Bracewell Partner Kevin Ewing, who is at the forefront of counseling clients with offshore matters and administrative procedure challenges, recently discussed with Bloomberg BNA proposed changes coming from the Bureau of Safety and Environmental Enforcement (BSEE).
Critics and 10 state attorneys general expressed concerns with proposed changes coming from BSEE to the 2016 Blowout Preventer Systems and Well Control Rule. The BSEE released its proposed revisions “as a way to make the regulations more efficient, especially by eliminating redundant requirements, without a reduction in safety.” But opponents say the “BSEE fails to disclose any of the analysis or data on which other revisions in the proposed rule are based,” which could be a violation of the Administrative Procedure Act (APA).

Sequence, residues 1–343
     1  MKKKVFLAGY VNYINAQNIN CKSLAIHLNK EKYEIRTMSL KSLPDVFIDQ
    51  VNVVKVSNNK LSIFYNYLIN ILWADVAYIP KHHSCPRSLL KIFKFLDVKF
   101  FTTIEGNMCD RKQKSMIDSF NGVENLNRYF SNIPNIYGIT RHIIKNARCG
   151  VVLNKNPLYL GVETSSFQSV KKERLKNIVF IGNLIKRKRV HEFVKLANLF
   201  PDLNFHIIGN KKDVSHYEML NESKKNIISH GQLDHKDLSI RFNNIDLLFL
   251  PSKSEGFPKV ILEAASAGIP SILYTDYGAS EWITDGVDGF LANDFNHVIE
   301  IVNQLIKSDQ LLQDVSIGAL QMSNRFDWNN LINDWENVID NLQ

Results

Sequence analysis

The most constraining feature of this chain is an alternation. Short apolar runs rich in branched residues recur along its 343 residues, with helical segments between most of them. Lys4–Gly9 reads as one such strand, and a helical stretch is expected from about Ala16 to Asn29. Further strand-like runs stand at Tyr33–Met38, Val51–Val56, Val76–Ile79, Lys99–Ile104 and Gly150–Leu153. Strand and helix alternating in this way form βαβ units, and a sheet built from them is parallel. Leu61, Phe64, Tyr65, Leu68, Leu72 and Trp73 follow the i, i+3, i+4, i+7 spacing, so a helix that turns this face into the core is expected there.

“The APA does not establish a kind of quantum of data that is a minimum to support regulatory action,” Ewing told Bloomberg BNA. “Nor does the APA insist that the information in support of a regulatory action be data. It can be qualitative. It can also be policy-driven.”
The APA “is often used to challenge regulations, but its procedural requirements are debatable.”
This sets the stage for legal challenges to any BSEE action.